The temptation to rush into traveling for soccer locks on to our sensibilities early. We watch the older teams planning so eagerly for those traveling tournaments and we want our kids to have the same opportunity. The argument could be made that tournaments provide increased competition. But there are tournaments close enough to home that will fit the bill and don't require hotel rooms and plane tickets. That exotic allure of spending a three day weekend in Evansville or Dayton quickly fizzles under the logistics of making those trips. Family togetherness flies out the window when the daughter is playing in Collinsville and the son has a band concert at home.   While most families are willing to take on a foster kid or two on these trips, it still means a weekend without sharing the experience.

Sometimes the strain of missing local activities can make a child decide to quit soccer. Kids might miss the 7th grade dance or Easter with the cousins in order to attend tournaments. Not many 12 year olds enjoy making tough life decisions before they reach full puberty. While all commitments do require some sacrifice, there really isn't a reason for kids to sacrifice their social life and parents to sacrifice their money before the player reaches age 15.

For the sake of sanity, I encourage most soccer teams to forego the long-distance tournaments for local events (less than a three hour drive). That allows families to drive back and forth and save the cost of hotels. Kids can still enjoy their social life, families can still spend time together even with multiple commitments, and everyone can ease into the constraints of travel. Slowing down allows players to find out if they want to give up entire weekends just for soccer. Once a team reaches Under-15, then players have usually decided to take the challenge of select soccer seriously. Therefore players need to start being noticed by college coaches. The time has then come to take off the floaters, abandon the shallow end, and immerse fully. Now the travel makes full sense.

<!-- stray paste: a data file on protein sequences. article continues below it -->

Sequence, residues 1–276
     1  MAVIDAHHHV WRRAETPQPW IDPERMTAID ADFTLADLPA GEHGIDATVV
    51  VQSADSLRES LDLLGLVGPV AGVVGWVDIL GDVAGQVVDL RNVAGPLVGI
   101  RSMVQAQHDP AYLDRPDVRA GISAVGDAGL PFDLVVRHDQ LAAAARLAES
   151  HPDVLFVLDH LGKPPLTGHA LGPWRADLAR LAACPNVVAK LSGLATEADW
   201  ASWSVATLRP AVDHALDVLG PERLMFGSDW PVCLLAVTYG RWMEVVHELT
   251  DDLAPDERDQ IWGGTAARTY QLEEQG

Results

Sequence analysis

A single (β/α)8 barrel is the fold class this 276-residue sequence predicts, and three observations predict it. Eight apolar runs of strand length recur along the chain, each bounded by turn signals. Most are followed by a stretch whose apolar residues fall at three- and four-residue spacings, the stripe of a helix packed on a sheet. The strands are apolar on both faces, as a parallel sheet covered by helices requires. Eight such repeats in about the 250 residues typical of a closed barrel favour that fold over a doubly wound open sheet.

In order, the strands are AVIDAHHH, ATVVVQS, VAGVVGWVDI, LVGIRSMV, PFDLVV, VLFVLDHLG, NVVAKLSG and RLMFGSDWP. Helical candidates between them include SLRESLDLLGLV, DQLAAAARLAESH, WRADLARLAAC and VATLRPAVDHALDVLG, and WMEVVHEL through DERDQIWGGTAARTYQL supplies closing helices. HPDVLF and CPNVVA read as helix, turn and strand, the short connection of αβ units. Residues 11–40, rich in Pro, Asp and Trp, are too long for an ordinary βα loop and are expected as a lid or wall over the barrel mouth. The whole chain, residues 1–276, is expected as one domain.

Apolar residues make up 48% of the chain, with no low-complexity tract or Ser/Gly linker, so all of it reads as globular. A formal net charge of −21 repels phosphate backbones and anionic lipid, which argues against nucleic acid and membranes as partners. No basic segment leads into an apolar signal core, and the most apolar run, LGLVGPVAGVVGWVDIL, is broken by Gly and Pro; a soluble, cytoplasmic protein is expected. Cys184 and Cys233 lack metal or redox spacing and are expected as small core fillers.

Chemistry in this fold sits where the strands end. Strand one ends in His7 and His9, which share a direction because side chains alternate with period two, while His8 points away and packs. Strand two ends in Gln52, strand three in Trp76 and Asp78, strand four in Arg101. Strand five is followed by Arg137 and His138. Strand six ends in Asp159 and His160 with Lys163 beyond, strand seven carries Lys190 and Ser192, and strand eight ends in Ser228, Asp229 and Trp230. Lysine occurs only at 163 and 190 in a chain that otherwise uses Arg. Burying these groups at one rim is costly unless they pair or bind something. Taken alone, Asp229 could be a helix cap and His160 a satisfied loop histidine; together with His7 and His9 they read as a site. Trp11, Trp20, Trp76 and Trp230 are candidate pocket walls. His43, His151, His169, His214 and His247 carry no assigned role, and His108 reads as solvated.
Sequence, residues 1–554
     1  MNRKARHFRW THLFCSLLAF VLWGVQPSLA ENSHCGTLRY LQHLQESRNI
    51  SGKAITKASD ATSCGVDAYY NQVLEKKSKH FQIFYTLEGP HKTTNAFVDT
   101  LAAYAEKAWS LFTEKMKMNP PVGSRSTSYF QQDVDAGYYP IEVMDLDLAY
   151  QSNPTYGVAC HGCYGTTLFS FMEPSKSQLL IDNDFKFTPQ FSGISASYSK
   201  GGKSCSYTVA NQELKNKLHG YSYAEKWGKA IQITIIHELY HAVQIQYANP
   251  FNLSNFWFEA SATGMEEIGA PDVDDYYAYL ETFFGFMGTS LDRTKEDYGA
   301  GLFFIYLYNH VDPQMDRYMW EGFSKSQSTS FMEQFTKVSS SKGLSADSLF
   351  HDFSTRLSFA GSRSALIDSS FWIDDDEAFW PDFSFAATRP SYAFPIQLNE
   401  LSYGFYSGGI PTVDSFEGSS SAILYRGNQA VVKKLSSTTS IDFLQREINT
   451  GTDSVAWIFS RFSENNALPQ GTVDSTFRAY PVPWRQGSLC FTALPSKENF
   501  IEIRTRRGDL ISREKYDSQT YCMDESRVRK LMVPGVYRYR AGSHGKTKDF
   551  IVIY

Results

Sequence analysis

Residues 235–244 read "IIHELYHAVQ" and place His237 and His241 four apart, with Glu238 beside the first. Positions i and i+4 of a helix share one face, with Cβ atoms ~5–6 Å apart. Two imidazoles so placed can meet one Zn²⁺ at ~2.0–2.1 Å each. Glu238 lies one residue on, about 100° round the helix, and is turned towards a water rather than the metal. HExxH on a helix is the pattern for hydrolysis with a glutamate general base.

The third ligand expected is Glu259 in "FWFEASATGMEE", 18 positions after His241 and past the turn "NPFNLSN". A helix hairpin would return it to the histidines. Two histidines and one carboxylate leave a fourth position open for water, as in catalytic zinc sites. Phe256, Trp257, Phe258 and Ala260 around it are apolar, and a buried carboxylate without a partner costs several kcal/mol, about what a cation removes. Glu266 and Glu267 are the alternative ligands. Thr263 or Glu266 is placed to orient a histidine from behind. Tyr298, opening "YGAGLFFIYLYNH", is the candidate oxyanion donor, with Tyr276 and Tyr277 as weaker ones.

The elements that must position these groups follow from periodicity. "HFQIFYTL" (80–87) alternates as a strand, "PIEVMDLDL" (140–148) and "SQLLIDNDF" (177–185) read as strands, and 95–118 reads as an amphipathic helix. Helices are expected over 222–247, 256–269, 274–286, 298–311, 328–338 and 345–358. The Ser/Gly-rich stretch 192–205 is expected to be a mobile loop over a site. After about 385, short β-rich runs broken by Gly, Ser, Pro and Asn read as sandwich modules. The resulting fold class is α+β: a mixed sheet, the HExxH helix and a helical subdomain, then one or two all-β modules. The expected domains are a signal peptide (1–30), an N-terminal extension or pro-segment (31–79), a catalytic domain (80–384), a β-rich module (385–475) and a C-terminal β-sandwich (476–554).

I have seen tournaments with divisions down to Under-8. While I applaud the diversity, I also encourage moderation. If the Under-8 tournament is close enough to home, why not give it a try. Players can embrace the one shining positive we have taken from all our tournaments and that is enlarging our circle of soccer friends. Over the years we've had the chance to watch players grow alongside our sons and enjoyed catching up on the sidelines with the parents. But traveling for traveling sake doesn't up the ante for skill development, player growth, or competition. Teams training daily for two to three hours would have more impact on player development than attending three or four traveling tournaments in a year.

One of the arguments about soccer has been that it has become too expensive. Yet the real expense of soccer ends up being the long trips teams make. No one needs classy expensive uniforms, they can train on community fields, and league fees are usually insignificant when split among all members. Coaching makes up the remaining and biggest expense, but players do get the biggest bang for their buck. For whatever it costs to attend a distant tournament players could get ten or fifteen hours of private coaching. Split that among a team and it translates to fifteen to eighteen times as much coaching. So the true advantage of a tournament is the opportunity to be exposed to college coaches and to the highest levels of competition. Those two goals are both admirable and necessary, but not until a player is older.

Although my grandmother never saw a soccer game in her life, her sage advice rings true for any soccer family. Measure your wishes by the true benefit. Don't be afraid to proceed slowly when it comes to upping the ante for your child's participation. You can't go wrong wishing the best for your child, just be sure that what you wish for is the best for them.